Highlighting 250,000 jobs is almost funny. Pointing to the success of a handful of "successful" small companies is sad. We should have MANY examples to point to. The absence of many and highlighting of few is indicative of the failure of the "bailout" of our country.
And calling our workers the most productive? Not when we enable laziness and limit innovation through over-governmentalizing EVERYTHING.
Funniest phrase of the evening: "We're not just handing out money."
Yes, you are. Through many different avenues and at length. Unchecked.
But you can't handle cutbacks with grace, can you Mr. President? At my company, employees gave back HUGE portions of their incomes after 9/11 and accepted little or no increases in pay for the following decade, in order to keep the company afloat. Excuse me if my sympathy is not with government employees unwilling to make the same sacrifice.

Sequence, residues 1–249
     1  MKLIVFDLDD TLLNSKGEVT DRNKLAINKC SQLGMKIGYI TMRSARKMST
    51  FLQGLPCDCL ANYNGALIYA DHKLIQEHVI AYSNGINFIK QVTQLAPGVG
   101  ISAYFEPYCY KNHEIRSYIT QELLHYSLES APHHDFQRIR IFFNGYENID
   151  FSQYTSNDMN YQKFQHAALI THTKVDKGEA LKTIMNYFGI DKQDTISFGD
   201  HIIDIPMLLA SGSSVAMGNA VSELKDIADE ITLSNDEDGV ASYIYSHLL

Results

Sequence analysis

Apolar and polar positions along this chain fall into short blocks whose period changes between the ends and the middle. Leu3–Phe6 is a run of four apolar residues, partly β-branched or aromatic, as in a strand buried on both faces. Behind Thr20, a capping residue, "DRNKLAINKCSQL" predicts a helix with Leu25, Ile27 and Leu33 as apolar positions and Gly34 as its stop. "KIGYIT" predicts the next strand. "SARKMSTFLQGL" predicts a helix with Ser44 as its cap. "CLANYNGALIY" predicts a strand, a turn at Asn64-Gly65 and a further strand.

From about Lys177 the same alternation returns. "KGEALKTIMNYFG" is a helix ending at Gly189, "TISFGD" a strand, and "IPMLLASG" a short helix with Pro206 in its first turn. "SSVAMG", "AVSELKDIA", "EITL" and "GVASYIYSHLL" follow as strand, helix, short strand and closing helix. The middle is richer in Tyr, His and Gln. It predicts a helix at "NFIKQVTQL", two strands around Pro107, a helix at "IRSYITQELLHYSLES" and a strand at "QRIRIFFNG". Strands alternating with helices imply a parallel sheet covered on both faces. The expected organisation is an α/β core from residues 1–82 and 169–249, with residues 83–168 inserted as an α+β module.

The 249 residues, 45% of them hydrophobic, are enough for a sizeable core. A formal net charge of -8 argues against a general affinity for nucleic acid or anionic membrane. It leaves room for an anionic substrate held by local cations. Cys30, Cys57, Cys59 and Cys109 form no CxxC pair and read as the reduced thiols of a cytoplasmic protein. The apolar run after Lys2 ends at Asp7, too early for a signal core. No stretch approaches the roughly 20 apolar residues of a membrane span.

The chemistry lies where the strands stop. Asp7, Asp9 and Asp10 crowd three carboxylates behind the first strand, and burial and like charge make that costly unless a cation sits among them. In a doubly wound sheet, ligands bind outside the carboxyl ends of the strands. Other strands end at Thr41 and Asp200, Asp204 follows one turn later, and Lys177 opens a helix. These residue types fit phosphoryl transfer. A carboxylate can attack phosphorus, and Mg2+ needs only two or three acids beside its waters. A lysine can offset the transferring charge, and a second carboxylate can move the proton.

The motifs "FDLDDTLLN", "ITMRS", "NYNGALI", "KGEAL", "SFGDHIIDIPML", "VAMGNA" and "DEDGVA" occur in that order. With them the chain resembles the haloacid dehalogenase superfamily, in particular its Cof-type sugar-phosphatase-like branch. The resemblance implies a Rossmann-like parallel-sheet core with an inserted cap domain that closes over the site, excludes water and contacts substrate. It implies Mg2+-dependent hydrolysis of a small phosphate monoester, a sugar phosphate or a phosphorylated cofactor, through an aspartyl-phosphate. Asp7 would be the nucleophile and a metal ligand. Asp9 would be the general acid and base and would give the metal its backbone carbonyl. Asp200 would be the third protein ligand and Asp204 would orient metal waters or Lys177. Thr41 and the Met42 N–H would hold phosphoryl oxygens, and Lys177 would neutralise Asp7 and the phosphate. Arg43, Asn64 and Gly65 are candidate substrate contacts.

How can the same man who has so limited NASA draw an allusion to "the Apollo of our time?" How can a man who is our Commander in Chief be ignorant that the innovations he mentioned (internet, etc.) had their basis in the military, not small business? Sure, small business grew into Silicon Valley. But its roots were vastly different.
And how can a man flout the desirability of green energy, advanced by small business, and forget the roots of the oil industry, all the while making hardworking men and women in that industry into the devil? Even as he knows their support of cleaner energy. And complaining about government support going to them while ignoring the MASSIVE tax dollars coming back to the government as a result, both from the oil companies themselves as well as on the gas tax.